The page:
5. The RF transmisson-synch system for the 3D glasses worked great. I could easily move my head or seating position and still retain a lock on the 3D signal. The only thing I didn't like was that the RF transmitter was a very small external plug-in that could be lost or broken easily. I would have preferred that this portion of the 3D system was actually built into the projector frame, or perhaps a short, flexible, built-in antenna that could be clipped onto the back or side of the projector.

6. Fast cool down and shut-off time. The start-up time is about 30 seconds and the cool down time is about a minute. Video projectors, generally, have improved in this area.

7. Easy to Use Remote Control. I like the fact that when any button is pushed on the remote, the backlight function is activated. This is very practical in a dark room.

What I Didn't Like

1. Black levels just average (however, considering the price point, this is not unexpected).

2. No physical horizontal or vertical lens shift function. This makes projector screen placement little more difficult for some room environments.

3. Auto input detection doesn't always kick in.

4. No Motorized Zoom or Focus Function - must be done manually at lens. No onboard access controls for projector settings.

5. No 3D Glasses Included - requires optional purchase ($99 a pair).

6. Expels a lot of heat through side vent. If you sit within a few feet of the projector, you will notice the warmth, and may catch a warm breeze from the fan expelling heat from the side vent.

7. No carrying case or storage bag included. Although the HD33 is designed as stay-at-home projector, it is light enough to take to other venues. Having an included case would be a nice addition. Certainly not a deal breaker, however.

More Info

Setting up and using the HD33 was fairly easy. The input connections are clearly labeled and spaced out, and the remote control is easy to use. However, the HD33 does not offer power zoom or focus controls.

With 1,800 maximum lumens output capability, the Optoma HD33 projects a bright image suitable for small, medium, and large size rooms in most homes.

The HD33 provides a great 2D and 3D viewing experience, especially for the price. The 3D features were easy to use and the 3D glasses provided for this review were comfortable, and the color consistency was very good. However, the black level and contrast range although acceptable, may not satisfy "videophile" users. On the other hand, the HD33 did a good job of upscaling lower resolution 480i DVD material to 1080p, as well as passing direct 1080p Blu-ray resolution, including 1080p/24 signals.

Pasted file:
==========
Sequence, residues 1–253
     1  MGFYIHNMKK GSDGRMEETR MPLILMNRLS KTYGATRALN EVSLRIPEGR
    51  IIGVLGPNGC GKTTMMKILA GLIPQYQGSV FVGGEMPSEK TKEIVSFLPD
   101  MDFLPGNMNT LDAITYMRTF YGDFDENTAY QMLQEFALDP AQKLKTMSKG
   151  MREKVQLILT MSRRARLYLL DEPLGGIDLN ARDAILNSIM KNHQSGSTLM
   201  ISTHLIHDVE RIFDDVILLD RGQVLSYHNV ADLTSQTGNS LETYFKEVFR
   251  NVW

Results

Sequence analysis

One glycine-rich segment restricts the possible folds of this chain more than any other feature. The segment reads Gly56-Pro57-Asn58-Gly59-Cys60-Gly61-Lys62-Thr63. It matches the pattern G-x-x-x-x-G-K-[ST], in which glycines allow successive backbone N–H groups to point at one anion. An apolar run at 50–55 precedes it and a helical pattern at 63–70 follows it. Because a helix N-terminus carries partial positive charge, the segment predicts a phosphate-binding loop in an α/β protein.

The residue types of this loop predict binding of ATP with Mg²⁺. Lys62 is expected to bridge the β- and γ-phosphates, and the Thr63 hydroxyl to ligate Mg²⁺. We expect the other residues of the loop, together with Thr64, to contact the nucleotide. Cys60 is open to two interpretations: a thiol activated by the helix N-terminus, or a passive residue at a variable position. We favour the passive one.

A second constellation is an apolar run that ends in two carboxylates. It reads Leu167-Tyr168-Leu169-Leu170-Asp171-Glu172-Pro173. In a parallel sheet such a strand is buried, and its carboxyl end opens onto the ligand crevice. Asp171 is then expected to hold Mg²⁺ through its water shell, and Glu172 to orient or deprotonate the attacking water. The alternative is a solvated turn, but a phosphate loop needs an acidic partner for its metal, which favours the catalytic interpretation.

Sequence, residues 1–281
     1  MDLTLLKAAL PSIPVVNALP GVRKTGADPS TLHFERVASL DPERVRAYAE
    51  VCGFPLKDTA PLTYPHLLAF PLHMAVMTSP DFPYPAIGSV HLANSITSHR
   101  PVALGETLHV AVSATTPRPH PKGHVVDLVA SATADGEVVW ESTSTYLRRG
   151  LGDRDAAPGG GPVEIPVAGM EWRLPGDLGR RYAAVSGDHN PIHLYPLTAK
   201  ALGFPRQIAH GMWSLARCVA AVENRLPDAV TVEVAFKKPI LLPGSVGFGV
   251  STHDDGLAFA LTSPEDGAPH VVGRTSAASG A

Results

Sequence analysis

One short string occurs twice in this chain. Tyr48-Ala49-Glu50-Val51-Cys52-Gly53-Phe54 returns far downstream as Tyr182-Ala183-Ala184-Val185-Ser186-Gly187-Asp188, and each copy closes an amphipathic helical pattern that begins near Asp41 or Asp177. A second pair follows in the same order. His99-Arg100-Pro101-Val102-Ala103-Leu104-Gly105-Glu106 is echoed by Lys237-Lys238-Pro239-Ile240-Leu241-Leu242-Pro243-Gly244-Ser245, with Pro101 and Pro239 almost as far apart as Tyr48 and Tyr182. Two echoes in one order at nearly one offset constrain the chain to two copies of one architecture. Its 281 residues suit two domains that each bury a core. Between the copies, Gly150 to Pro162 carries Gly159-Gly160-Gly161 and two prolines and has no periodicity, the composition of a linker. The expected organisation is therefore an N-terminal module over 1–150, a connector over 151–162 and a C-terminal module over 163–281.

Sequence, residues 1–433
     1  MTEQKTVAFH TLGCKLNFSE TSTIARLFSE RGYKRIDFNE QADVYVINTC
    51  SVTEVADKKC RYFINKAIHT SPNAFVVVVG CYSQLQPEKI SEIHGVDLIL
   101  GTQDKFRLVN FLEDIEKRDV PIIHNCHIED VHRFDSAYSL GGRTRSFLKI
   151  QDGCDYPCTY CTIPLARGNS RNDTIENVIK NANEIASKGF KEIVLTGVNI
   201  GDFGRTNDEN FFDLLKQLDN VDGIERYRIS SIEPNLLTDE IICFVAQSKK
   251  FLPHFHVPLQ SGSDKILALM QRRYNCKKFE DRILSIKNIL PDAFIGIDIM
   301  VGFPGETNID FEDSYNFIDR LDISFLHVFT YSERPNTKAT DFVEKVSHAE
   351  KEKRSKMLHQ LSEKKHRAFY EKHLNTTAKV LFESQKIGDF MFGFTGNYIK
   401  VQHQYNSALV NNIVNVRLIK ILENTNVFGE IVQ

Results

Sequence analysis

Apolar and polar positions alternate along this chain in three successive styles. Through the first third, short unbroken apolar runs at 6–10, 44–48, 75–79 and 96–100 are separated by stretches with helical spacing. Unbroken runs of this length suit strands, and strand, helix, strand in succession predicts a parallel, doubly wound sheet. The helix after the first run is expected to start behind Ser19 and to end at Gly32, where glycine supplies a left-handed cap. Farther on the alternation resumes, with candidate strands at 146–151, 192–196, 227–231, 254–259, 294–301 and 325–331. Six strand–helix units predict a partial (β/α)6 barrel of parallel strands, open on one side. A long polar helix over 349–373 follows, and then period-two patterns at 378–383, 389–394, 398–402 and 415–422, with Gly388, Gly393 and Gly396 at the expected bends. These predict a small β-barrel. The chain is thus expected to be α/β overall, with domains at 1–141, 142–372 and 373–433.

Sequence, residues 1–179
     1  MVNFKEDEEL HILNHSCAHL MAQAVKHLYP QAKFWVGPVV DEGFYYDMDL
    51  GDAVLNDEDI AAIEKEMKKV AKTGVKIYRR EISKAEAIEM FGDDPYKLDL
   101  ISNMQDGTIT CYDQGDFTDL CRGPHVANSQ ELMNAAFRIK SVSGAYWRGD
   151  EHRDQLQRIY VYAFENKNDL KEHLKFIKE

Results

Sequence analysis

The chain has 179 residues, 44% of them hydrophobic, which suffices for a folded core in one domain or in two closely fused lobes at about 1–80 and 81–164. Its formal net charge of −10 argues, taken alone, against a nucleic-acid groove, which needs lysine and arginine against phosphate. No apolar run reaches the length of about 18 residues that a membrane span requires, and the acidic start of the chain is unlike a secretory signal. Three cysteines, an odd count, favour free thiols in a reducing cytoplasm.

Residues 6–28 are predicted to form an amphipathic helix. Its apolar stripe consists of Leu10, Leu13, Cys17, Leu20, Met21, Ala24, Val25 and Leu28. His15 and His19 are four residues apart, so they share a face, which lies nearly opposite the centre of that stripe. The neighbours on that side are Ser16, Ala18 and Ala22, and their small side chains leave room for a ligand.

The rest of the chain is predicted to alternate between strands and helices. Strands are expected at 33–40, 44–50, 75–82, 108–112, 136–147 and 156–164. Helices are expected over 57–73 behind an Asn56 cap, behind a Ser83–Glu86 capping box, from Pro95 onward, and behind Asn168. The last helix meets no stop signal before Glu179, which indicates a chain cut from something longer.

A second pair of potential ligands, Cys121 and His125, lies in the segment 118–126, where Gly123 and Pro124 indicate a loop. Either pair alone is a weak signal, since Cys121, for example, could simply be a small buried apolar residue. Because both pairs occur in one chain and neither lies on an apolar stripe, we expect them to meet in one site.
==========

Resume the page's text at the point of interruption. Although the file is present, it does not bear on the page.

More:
The HD33 is definitely a good value. In fact, if you have been put off by 3D up to now, the performance of this projector may change your mind, if you have a chance to check out it. Having viewed and reviewed several 3D TVs and video projectors, 3D using a video projector and a large screen is the best way to go, if you have the space, and the HD33 is the most affordable 3D projector I have reviewed so far that delivers the goods.

However, even if you aren't interested in 3D, at a $1,499 at the time of its release, the HD33 is a great 2D video projector.

For a closer look at the features, connections, and performance of HD33, check out my Optoma HD33 Photos and Video Performance Test Results.

NOTE: Since the posting of of the above review, the production run for the Optoma HD 33 has ended, and is now only available on clearance or used via retailers or third-party auction sites. For current alternatives, check out my periodically updated listing of DLP and LCD Video Projectors

Additional Components Used In The Above Review

Source Components: OPPO BDP-93 Blu-ray Disc player (2D and 3D), OPPO DV-980H Upscaling DVD Player, and Samsung HT-D6500W 3D Blu-ray Player/Home Theater System (on review loan).

DVDO EDGE Video Scaler used for baseline video upscaling comparisons.

Home Theater Receivers Harman Kardon AVR147.

Loudspeaker/Subwoofer System (5.1 channels): EMP Tek E5Ci center channel speaker, four E5Bi compact bookshelf speakers for left and right main and surrounds, and an ES10i 100 watt powered subwoofer.

Projection Screens: SMX Cine-Weave 100² screen and Epson Accolade Duet ELPSC80 Portable Screen.

Software Used In This Review

3D Blu-ray Discs: Avatar, Despicable Me, Disney's A Christmas Carol, Drive Angry, Goldberg Variations Acoustica, My Bloody Valentine, Resident Evil: Afterlife, Space Station (IMAX), Tangled, Tron: Legacy, and Under The Sea (IMAX).

2D Blu-ray Discs: Across The Universe, Battle Lost Angeles, Hairspray, Iron Man 1&2, Kick Ass, Percy Jackson and The Olympians: The Lightning Thief, Shakira - Oral Fixation Tour, Sherlock Holmes, The Dark Knight, Tropic Thunder, and Transporter 3

Standard DVDs: The Cave, House of the Flying Daggers, Kill Bill - Vol 1/2, Kingdom of Heaven (Director's Cut), Lord of Rings Trilogy, Master and Commander, Outlander, U571, and V For Vendetta.